Playwright enables end-to-end testing. Test modern single page apps, across all modern browsers, using in your preferred language (JS, TS, Java, C#, Python).
Example of automation at GitHub.
Use cases 🥈
Automate end-to-end (E2E) tests using the UI. It also supports mocks.
Learning curve 🥈
By now, I know my way around a test framework, it’s just a matter of learning the syntax. The official doc was not sufficient to get started and while I was coding I needed the reference API by my side. When I was not sure how to do something, I simply enabled the “record mode” and let Playwright generate the test code of my interactions.
Verbose and rough. A simple assertion takes three lines, thankfully expect-playwright reduces it to one. Something concise and intuitive in Cypress (
page.get.first) is obscure in Playwright (
page.$$). The test code reads like back-end code, with
await keywords sprinkled every other line. Also you need to explicitly wait for page loads (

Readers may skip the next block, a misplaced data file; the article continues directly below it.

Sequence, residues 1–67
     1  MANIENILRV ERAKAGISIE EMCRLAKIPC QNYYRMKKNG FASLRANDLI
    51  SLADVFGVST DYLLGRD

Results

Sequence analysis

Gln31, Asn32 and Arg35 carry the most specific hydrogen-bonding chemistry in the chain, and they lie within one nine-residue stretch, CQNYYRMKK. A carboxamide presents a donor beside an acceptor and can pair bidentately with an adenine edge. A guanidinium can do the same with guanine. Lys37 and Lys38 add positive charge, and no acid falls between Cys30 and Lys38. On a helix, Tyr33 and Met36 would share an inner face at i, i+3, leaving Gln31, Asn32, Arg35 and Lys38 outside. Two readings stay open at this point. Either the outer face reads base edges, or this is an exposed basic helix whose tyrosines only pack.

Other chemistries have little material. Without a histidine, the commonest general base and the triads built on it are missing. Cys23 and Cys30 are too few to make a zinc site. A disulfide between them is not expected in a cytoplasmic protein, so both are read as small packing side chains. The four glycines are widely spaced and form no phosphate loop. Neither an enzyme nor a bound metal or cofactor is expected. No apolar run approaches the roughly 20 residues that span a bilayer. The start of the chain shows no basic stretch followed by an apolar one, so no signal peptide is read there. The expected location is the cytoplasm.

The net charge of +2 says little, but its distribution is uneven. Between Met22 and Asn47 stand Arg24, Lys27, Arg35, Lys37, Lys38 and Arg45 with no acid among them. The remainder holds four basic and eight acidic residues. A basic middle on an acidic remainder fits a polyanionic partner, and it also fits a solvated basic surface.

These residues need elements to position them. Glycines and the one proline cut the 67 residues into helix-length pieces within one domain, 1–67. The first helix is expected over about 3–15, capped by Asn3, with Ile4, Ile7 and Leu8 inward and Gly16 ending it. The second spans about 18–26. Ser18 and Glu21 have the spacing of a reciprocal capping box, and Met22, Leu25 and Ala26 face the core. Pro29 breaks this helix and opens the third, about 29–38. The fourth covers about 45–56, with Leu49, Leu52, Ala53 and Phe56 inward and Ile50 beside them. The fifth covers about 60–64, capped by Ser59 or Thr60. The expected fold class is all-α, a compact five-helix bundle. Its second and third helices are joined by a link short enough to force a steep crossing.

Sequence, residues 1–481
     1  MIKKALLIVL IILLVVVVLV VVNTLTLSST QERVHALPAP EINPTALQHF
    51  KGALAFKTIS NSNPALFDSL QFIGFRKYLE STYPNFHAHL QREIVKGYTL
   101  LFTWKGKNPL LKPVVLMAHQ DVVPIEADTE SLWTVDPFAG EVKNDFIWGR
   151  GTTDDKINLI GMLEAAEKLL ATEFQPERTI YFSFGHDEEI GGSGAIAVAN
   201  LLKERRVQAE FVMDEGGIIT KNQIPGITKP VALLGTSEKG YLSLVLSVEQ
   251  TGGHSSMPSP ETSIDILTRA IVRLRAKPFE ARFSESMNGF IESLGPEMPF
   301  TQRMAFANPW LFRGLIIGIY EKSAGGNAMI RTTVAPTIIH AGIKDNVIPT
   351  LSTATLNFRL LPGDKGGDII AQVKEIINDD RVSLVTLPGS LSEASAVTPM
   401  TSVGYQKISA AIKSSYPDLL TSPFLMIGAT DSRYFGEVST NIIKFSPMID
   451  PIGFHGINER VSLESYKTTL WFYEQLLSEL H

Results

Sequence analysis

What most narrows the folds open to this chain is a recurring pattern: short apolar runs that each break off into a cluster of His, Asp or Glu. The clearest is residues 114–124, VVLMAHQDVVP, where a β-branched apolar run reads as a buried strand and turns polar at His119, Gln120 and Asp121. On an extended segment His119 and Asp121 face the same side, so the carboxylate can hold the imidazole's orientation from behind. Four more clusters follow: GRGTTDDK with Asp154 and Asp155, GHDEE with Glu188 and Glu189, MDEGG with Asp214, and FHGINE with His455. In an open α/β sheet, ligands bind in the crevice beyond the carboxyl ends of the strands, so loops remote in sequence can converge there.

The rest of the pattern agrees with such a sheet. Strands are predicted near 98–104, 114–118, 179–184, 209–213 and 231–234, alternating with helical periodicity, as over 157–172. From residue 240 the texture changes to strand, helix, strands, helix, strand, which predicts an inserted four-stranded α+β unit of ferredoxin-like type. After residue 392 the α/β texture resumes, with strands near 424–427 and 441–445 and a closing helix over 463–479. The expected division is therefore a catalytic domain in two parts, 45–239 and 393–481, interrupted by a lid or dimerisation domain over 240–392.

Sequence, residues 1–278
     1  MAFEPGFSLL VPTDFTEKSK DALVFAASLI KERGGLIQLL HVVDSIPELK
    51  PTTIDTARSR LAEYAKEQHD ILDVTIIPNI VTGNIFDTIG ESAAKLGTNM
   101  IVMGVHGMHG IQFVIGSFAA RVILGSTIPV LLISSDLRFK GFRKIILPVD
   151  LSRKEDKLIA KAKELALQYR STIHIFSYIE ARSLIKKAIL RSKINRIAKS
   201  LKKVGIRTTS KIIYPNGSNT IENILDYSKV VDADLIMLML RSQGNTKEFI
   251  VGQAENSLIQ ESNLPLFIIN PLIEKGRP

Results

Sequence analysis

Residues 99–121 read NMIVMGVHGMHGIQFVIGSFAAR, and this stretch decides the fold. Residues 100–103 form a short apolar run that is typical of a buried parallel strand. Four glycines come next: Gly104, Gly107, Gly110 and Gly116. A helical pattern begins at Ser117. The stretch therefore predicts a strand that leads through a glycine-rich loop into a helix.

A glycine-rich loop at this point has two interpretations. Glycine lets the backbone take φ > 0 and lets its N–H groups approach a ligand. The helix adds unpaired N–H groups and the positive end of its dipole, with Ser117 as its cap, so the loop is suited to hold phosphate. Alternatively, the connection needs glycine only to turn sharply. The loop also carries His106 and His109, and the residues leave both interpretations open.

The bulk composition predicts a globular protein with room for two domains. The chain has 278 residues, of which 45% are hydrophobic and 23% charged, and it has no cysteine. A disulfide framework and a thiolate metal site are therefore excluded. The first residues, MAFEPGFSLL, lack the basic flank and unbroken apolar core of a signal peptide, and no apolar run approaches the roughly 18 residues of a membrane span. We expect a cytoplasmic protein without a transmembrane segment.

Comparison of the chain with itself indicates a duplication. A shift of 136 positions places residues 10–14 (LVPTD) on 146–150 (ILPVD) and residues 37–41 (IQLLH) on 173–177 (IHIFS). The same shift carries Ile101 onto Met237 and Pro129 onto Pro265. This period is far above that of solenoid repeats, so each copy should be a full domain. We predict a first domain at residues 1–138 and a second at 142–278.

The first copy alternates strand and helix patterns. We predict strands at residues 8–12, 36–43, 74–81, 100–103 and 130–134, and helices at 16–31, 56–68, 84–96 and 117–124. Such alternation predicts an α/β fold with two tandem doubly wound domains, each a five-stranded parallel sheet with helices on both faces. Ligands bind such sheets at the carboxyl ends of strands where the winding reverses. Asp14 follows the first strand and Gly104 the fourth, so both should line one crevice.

async page.waitForNavigation()) or selectors to be available. Yet, sometimes you get timeouts.
I expected to be able to run the tests right away, but I needed a test runner like Jest. Doesn’t come with a built-in way to take a screenshot on test failures, nor does it have a vast collection of plugins like Cypress. It has a few tutorials though and it supports the PageObject Model.
Hard to debug. When the
toHaveText() assertion fails, it outputs the whole page HTML in the error log, which is a nightmare to review. Slower than expected – if the tests ran in parallel I didn’t even notice it.
I started with the official doc and quickly found out it doesn’t work, because it’s missing the test runner (Jest) which led to a quite different code. I had to follow community guides. On the bright side, the doc is complete and easy to search.
Unproductive and unreliable, so I can’t recommend it. There are better alternatives.